By Stephanie Hammerwold
Looking for a job can be a big undertaking. Major job posting sites are overwhelming and often job seekers find themselves wading through endless ads promising ways to get rich working from home. While some people may have luck with casting a huge net online in their quest for the perfect job, the average job seeker may find that resumes sent in response to ads on major job sites go into some kind of application blackhole. The way around this is to take a targeted approach in your job search.
Search for Companies, not Jobs
The key to a targeted job search is to look for companies that provide the type of work you want. While companies may not pay to post all their openings on a big job search site, they will probably put all their openings on their own website. Check the company’s site regularly for new openings. I worked for one company that was popular in the community. Many applicants were people who had walked into one of our stores asking about job openings or were persistent job seekers who made a habit of regularly checking the company’s website. This meant we rarely had to rely on paying to post our openings on other sites.
Research companies in your area, and do not limit yourself. Last year I spoke to graduate students at my alma mater. Many of them were planning for careers in academia or the nonprofit sector. I reminded those eyeing nonprofit jobs that there are for-profit companies out there who have a socially-minded philosophy that is similar to what can be found at a nonprofit. Before starting my consulting business, I worked at a small grocery chain that had a goal of giving at least 10% back to the community. They also offered a volunteer benefit for employees and other programs that were focused on giving back. In doing your research on companies, look for such opportunities to expand the pool of places you can see yourself working.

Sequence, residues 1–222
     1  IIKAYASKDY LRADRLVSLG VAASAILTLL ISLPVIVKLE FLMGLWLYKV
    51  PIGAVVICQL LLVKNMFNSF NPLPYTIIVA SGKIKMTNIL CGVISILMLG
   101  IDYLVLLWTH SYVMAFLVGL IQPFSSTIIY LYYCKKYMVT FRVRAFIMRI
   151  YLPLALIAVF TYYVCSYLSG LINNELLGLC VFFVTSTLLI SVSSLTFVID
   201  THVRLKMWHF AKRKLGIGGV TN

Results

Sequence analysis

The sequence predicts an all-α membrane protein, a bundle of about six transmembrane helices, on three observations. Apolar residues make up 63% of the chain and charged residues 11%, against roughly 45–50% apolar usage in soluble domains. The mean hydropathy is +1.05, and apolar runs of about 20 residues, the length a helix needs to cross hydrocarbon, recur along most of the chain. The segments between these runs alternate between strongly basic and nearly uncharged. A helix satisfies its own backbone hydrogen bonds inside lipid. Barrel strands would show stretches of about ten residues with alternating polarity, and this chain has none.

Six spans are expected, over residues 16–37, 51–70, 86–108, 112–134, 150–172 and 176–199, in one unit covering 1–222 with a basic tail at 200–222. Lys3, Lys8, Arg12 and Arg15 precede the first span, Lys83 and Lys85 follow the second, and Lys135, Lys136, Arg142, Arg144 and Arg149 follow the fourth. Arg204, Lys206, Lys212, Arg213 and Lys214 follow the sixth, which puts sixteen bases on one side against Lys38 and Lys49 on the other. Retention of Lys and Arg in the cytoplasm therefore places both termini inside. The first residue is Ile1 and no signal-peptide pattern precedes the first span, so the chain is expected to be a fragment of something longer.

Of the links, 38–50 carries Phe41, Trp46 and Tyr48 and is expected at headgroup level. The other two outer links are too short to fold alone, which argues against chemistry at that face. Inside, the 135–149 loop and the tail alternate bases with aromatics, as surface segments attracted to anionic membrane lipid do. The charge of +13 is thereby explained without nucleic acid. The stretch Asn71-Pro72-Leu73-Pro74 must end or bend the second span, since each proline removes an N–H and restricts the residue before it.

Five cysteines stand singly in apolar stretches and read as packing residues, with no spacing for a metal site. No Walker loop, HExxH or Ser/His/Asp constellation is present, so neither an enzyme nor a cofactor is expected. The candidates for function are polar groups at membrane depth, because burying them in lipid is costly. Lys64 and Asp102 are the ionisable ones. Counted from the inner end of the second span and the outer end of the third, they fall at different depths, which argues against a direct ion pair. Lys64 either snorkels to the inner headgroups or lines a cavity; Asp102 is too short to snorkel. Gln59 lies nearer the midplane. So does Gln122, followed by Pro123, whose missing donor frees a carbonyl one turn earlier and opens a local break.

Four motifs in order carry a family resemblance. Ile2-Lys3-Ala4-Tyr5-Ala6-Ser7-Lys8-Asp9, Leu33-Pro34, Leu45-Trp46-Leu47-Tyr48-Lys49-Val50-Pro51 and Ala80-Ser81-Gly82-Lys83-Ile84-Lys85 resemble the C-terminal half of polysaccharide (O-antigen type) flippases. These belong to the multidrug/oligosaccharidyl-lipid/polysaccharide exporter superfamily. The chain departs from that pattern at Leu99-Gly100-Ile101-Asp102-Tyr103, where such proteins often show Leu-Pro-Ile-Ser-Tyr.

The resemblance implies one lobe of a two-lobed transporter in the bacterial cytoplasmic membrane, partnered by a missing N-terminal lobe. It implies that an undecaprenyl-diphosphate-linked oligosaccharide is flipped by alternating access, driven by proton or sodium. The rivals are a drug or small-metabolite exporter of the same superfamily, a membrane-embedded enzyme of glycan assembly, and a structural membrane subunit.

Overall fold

Connect with your target companies on social media. Some companies have even set up specific profiles for job seekers. This is a good way to find out about new openings that may not be posted on major job search sites.
Use Your Network
Here’s an inside tip about reaching out to the companies you want to work at: do not call their HR department in the hopes that it will make your application stand out. As an HR person, I can tell you that it’s not that we do not want to talk to every applicant, but HR is often inundated with calls to the point that it is impossible to get back to everyone. For job seekers, it can be discouraging to send in an application or resume and then hear nothing. Even though HR may not be the right place to go to make a personal connection when you first submit an application, there are ways to reach out effectively.
Focus on your network. Do you already know someone at the company? If so, they may be a good resource to put in a good word for you or to introduce you to someone who has power over hiring decisions. LinkedIn can be an excellent tool for seeing who you may already know at a company or if one of your connections may be able to introduce you to someone who works there. As I mentioned earlier, some companies connect with job seekers through social media, so this can be another way to network with people in a way that could bring positive attention to your application.
Finally, get involved in your community. This is an excellent way to connect with people who may turn out to be powerful connections when it comes to finding a job. In my own experience, the best networking happens at events where the main objective is not marketing yourself. This may be volunteering for a beach clean up, working on a political campaign or getting involved with your favorite nonprofit.
The Problem with Job Sites
What you have heard about job posting sites is true: companies do not post all their jobs in such places. Posting on some of the bigger sites can run several hundred dollars each. For many businesses, this means they may be choosy about which jobs they pay to post. When I used to work on hiring, I would only post harder to fill jobs on the big sites. Job sites can also take a lot of time to wade through. Even when employing filters and narrowing search criteria, it can be a challenge to find jobs that are a good fit. This is especially true if you live in a major metropolitan area, where the list of open jobs may be really long.
While it is good to keep an eye on the major sites and give them a weekly scan, a better strategy is to figure out what kind of job you want and to then find the places offering positions that are a good match.
This post originally appeared on HR Hammer.